College of Engineering News • Iowa State University

Anuj Sharma: Direct impact through civil engineering

Anuj Sharma
Anuj Sharma
Anuj Sharma, associate professor of civil, construction and environmental engineering. Photo by Greg Nathan, University of Nebraska, Lincoln.

New CCEE associate professor’s work improves efficiency and safety of transportation

“One of the most satisfying parts of my career is working on real problems people are facing and seeing that work implemented in the field, making a difference,” says Anuj Sharma.

Sharma, who joined Iowa State’s Department of Civil, Construction and Environmental Engineering as an associate professor this fall, says most of his research is focused on decision making for better operations as well as safety decisions in the transportation system.

His position is jointly funded by the Iowa Department of Transportation, so he splits his time evenly between teaching and researching.

“Having that close connection with the Iowa DOT means I can have an immediate impact with my research, and that’s always been my dream,” he says.

Sharma works at the computer as students look on during a traffic signal project. Photo by Craig Chandler, University of Nebraska, Lincoln.
Sharma works at the computer as students look on during a traffic signal project. Photo by Craig Chandler, University of Nebraska, Lincoln.

Sharma started his career in academia at the University of Nebraska-Lincoln, where his research program began gaining traction. He managed a federally funded project to assess whether solar- and wind-powered traffic lights could provide a self-sustaining hybrid power source for rural areas, where getting power from the grid is expensive.

“We were looking at economics and safety, which involved vehicle simulator studies to determine if people would be distracted by the small windmills on the traffic lights,” he explains.

Sharma also explored active traffic management, including building ramp meters and using variable speed limit signs to better progress traffic.

At Iowa State, he will continue working on projects to improve safety measures on Iowa’s roadways.

“We want to develop performance metrics so we can figure out how to best use our budgets to improve the transportation system,” Sharma says.

This work involves getting data from different streams, including roadway sensors and videos as well as cell phone providers. The end goal is to improve the experience for drivers by identifying sections of roadways that need more attention, such as bottlenecks on interstates.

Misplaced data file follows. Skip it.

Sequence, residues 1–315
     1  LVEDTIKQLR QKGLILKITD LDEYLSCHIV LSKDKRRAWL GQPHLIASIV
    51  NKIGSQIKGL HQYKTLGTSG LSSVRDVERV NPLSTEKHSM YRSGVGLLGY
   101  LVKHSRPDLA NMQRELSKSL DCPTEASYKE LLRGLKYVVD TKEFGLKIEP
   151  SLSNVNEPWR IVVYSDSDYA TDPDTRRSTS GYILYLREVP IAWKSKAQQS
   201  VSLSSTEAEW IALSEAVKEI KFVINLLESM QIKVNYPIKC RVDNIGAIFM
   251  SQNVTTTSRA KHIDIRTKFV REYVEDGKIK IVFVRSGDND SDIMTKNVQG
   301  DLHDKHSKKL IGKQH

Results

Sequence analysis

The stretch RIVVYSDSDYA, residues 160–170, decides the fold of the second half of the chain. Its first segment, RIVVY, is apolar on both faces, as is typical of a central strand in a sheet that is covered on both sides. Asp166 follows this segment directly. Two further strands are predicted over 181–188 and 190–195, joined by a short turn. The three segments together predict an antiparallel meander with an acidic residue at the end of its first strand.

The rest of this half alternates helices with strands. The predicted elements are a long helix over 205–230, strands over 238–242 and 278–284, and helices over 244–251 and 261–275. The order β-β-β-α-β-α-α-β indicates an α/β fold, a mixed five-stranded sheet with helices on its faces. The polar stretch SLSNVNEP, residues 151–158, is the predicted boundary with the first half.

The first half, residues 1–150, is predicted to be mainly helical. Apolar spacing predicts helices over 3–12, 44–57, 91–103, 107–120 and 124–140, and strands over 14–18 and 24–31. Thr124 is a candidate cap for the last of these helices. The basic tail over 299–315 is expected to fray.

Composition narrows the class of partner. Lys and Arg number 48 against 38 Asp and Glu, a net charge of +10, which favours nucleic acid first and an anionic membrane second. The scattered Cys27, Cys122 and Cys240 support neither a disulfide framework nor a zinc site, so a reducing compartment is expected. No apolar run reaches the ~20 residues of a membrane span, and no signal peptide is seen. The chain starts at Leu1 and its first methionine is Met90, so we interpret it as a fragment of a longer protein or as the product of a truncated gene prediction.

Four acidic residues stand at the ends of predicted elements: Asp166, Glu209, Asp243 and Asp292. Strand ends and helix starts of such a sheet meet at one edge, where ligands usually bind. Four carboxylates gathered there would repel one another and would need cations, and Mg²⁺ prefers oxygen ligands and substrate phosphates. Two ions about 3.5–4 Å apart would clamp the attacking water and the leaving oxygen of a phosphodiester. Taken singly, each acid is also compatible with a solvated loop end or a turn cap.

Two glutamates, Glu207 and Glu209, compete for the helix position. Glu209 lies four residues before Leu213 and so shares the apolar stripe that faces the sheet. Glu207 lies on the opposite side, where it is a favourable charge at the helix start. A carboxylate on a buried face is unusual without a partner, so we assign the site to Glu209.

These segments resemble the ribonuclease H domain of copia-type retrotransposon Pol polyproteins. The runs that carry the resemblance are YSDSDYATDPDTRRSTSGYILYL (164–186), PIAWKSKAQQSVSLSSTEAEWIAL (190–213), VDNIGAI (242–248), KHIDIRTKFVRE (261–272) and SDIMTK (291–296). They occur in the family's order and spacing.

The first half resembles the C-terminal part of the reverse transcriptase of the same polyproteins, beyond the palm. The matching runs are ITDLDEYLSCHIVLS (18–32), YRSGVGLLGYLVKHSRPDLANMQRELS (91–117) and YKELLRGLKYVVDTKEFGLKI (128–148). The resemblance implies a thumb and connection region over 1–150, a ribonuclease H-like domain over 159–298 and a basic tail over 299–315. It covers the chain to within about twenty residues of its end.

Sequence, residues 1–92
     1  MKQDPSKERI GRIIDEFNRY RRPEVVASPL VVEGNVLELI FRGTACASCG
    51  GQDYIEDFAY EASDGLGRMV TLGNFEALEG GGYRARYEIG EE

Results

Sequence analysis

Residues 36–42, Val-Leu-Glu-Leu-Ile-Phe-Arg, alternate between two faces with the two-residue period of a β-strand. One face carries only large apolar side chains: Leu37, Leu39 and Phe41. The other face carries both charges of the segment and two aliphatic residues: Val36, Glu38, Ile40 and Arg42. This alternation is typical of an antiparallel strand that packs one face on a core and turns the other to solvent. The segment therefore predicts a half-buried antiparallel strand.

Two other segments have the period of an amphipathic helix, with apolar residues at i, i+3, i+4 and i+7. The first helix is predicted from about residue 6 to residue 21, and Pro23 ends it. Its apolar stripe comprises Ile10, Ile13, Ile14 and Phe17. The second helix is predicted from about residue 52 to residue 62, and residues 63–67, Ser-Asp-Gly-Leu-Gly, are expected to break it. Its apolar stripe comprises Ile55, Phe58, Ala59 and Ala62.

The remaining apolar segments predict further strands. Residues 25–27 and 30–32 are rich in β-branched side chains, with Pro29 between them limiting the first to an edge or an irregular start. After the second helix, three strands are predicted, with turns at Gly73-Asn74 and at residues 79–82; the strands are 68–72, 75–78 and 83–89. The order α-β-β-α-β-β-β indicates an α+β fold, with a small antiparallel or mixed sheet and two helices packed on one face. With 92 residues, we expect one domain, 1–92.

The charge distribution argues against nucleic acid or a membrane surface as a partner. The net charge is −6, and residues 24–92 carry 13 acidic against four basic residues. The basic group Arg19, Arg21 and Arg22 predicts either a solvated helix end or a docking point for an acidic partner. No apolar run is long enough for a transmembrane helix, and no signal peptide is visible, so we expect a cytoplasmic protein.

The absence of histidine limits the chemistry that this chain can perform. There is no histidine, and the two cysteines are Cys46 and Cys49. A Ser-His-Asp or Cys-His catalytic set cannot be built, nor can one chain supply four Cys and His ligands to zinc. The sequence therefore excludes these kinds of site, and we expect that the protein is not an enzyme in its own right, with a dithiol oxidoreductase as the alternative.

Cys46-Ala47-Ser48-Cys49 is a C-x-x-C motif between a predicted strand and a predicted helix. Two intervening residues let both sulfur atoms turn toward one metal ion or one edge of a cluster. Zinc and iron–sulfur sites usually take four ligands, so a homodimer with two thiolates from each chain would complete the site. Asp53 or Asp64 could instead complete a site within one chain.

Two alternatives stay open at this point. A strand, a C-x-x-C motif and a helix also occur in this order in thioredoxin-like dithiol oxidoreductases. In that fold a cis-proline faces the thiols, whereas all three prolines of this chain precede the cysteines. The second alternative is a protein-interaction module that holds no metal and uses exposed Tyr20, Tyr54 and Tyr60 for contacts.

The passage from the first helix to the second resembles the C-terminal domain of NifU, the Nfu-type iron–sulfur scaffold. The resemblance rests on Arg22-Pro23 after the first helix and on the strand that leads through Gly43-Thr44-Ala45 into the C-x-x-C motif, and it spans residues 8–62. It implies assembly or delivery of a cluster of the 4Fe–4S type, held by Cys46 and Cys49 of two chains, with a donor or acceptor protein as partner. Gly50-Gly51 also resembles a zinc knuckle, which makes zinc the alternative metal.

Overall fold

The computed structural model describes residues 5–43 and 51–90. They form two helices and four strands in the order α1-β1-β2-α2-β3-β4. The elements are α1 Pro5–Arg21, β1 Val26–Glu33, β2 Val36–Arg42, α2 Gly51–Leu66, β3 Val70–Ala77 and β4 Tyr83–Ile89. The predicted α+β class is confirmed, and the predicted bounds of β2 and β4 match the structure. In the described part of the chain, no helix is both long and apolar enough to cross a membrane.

He’ll also be looking at work zones and how to improve safety, along with vehicle-to-vehicle communication. “We are developing a proposal to implement a testbed in Iowa to evaluate the best ways to connect vehicles in such a way that it improves the efficiency and safety of roads.”

On campus, Sharma will be teaching 1.5 courses this year. This fall, he’ll be co-teaching a course with Jing Dong, assistant professor of CCEE. Sharma will be instructing students on optimal traffic signal timing. He says this knowledge is especially helpful for students who may someday become city traffic engineers.

Next semester, he’ll be teaching geometric design, which is also important part of transportation. “Roadways need to be designed so the geometry of their paths are best aligned for the vehicles using them. As is the case with most of what we do in civil engineering, it all comes back to safety,” Sharma says.

Having been in the Midwest since working on his doctorate, Sharma says Iowa State’s a great place to continue his career. He received his Ph.D. in civil engineering from Purdue University (2008), his M.S. in transportation from Texas A&M (2004) and his B.S. in civil engineering from the National Institute of Technology Rourkela (2001).

Sharma’s entire career has been focused on positioning himself to make a difference. Even the year he took as a programmer analyst after earning his bachelor’s was done with his future in mind. “The civil engineering industry would benefit from having more computer science background so we can do analytics in transportation. The position I took as a programmer gave me a chance to fine-tune my skills so I could apply them to civil engineering,” he explains.

With advancements being made in transportation, Sharma is excited to see what contributions he will make in the years ahead. “By the time my 3-year-old daughter is driving, I think the way we commute on the roadways will not only be safer, but the overall experience for drivers will be much improved.”